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Rhino count in Orang touches 100

By Correspondent
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MANGALDAI, March 18 � Much to the delight of nature lovers in the State, the Rajiv Gandhi Orang National Park in Darrang district recorded a total of 100 rhinos in a census conducted by the State Forest department on March 15. The figure, informed SK Dyla, DFO, Mangaldai Wildlife Division, shows an increase of 36 rhinos in comparison to the count conducted three years back.

According to official sources, the rhino census was conducted in the park under the supervision of Dr SP Singh, Chief Conservator of Forests (Wildlife), Assam. All observers and enumerators for the census came from other divisions and NGOs namely, WWF-India, WTI, Aaranyak, Green Guard Nature Organisation and OTTERS. The whole national park was divided into 17 blocks for the rhino count. Each block was allotted to an enumeration party comprising enumerator, guide, mahout and a departmental elephant. The census began at 5 am simultaneously in all blocks and lasted till noon. All data from each block was compiled and analysed by a team comprising senior Forest officials including the CCF (Wildlife), Assam and representatives of the above NGOs.

After thorough analysis of the data, the rhino population in the national park was worked out to be 100. On the previous day, all enumerators and observers were briefed on the exercise by the CCF (Wildlife) who asked them to conduct the census without any prejudice in mind.

It may be mentioned that in 1991, the rhino population in the park figured at 97 but in 1999, the figure drastically came down to 46 due to serious threats from poachers. In 2006, the figure increased to 68 and in the last census, the figure closed at 64.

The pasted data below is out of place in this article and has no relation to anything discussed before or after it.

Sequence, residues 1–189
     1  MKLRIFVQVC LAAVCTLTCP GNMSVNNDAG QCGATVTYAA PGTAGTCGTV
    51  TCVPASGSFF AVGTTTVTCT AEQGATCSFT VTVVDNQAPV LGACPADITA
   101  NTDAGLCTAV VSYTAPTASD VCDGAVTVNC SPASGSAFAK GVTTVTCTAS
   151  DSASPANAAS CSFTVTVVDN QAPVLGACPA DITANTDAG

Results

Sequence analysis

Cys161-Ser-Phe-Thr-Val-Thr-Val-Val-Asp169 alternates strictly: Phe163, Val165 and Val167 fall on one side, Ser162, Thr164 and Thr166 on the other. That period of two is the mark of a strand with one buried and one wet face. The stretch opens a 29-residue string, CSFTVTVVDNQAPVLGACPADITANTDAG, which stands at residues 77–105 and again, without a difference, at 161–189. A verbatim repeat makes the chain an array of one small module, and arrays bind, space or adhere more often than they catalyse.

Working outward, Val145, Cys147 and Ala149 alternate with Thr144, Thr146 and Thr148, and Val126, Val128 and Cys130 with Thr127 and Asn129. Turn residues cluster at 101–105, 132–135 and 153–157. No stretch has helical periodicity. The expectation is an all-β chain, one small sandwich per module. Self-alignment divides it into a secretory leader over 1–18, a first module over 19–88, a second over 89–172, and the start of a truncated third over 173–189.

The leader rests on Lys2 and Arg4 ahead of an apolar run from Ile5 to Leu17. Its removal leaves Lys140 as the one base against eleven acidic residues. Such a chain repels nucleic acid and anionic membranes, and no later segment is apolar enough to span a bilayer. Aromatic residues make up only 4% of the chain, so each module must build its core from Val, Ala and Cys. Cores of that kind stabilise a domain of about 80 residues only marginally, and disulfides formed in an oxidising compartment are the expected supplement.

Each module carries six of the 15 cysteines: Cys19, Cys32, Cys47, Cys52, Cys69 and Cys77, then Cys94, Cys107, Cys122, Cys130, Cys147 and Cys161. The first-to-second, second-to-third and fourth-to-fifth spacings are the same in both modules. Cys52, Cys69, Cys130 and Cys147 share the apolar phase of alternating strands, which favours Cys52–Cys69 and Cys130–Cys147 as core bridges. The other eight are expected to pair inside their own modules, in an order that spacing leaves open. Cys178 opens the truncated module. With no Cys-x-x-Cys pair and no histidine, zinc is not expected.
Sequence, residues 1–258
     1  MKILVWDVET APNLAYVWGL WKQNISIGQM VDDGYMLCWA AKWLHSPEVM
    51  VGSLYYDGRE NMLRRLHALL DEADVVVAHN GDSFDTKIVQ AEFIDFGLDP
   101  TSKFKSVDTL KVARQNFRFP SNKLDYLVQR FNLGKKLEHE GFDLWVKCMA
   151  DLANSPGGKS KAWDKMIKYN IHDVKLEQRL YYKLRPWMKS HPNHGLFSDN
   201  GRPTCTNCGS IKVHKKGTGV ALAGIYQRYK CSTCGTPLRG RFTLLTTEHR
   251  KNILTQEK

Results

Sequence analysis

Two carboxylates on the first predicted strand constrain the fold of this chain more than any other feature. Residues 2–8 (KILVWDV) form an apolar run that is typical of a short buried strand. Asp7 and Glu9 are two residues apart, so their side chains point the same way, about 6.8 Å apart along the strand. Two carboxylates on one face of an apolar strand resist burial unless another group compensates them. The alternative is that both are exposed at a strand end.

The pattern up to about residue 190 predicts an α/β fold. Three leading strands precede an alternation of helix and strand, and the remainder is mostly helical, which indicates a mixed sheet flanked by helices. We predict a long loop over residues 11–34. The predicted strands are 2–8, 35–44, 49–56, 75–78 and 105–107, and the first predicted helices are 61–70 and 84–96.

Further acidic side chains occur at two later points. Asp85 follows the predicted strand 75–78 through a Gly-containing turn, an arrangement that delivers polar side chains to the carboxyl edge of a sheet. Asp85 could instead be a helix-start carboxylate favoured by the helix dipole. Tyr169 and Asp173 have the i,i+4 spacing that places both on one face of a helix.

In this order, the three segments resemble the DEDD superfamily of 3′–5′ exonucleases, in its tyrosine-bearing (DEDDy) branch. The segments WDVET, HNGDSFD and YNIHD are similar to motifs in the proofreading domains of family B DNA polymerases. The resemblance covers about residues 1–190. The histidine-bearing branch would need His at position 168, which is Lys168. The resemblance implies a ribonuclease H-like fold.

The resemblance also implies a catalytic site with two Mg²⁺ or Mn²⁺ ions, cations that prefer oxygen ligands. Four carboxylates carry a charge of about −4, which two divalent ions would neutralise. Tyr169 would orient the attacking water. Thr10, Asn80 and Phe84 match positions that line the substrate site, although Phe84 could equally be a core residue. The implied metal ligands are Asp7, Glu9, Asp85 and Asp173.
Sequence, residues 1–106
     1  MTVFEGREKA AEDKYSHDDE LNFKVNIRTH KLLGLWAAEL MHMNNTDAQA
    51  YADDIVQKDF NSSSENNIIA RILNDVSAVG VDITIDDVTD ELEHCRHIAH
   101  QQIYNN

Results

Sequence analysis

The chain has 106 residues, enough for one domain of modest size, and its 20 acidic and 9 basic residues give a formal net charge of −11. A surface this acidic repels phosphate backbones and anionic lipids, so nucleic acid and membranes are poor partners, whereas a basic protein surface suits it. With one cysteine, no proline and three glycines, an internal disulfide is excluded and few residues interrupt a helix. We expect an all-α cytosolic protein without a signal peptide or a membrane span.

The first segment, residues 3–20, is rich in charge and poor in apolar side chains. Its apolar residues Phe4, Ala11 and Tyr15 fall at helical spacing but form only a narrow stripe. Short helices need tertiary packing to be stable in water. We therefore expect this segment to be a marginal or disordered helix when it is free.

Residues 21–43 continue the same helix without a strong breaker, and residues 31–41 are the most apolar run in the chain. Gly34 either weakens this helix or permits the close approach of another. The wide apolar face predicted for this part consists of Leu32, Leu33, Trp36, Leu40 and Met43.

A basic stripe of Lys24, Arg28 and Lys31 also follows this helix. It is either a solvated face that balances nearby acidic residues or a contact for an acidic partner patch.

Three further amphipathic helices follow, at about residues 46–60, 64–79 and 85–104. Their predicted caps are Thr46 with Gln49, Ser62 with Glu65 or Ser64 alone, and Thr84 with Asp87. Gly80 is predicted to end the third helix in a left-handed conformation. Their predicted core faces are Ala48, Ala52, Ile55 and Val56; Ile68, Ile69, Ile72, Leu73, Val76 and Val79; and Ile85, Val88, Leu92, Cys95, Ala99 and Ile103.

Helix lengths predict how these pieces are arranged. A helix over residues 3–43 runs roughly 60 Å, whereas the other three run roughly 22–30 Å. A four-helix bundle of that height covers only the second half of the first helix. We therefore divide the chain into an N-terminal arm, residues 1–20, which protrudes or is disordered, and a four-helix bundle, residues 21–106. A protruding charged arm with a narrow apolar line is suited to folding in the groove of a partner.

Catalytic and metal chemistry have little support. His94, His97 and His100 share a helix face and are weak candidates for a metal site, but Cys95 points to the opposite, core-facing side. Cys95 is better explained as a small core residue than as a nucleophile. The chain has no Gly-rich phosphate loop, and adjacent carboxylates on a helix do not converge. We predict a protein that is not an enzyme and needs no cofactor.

Meanwhile, poaching threats in the park continue with three rhinos allegedly falling prey during the last 30 months although official sources claimed it to be one.

On the other hand, water shortage has lately become a matter of serious concern for the rhinos in the park as apart from wetlands in Roumari, Padum Pukhuri and Old Orang areas, all other wetlands in the park have dried up. If the authorities concerned ignores the situation, the the park may suffer from serious water shortage in the near future, observed nature lovers here.

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Rhino count in Orang touches 100

MANGALDAI, March 18 � Much to the delight of nature lovers in the State, the Rajiv Gandhi Orang National Park in Darrang district recorded a total of 100 rhinos in a census conducted by the State Forest department on March 15. The figure, informed SK Dyla, DFO, Mangaldai Wildlife Division, shows an increase of 36 rhinos in comparison to the count conducted three years back.

According to official sources, the rhino census was conducted in the park under the supervision of Dr SP Singh, Chief Conservator of Forests (Wildlife), Assam. All observers and enumerators for the census came from other divisions and NGOs namely, WWF-India, WTI, Aaranyak, Green Guard Nature Organisation and OTTERS. The whole national park was divided into 17 blocks for the rhino count. Each block was allotted to an enumeration party comprising enumerator, guide, mahout and a departmental elephant. The census began at 5 am simultaneously in all blocks and lasted till noon. All data from each block was compiled and analysed by a team comprising senior Forest officials including the CCF (Wildlife), Assam and representatives of the above NGOs.

After thorough analysis of the data, the rhino population in the national park was worked out to be 100. On the previous day, all enumerators and observers were briefed on the exercise by the CCF (Wildlife) who asked them to conduct the census without any prejudice in mind.

It may be mentioned that in 1991, the rhino population in the park figured at 97 but in 1999, the figure drastically came down to 46 due to serious threats from poachers. In 2006, the figure increased to 68 and in the last census, the figure closed at 64.

Meanwhile, poaching threats in the park continue with three rhinos allegedly falling prey during the last 30 months although official sources claimed it to be one.

On the other hand, water shortage has lately become a matter of serious concern for the rhinos in the park as apart from wetlands in Roumari, Padum Pukhuri and Old Orang areas, all other wetlands in the park have dried up. If the authorities concerned ignores the situation, the the park may suffer from serious water shortage in the near future, observed nature lovers here.

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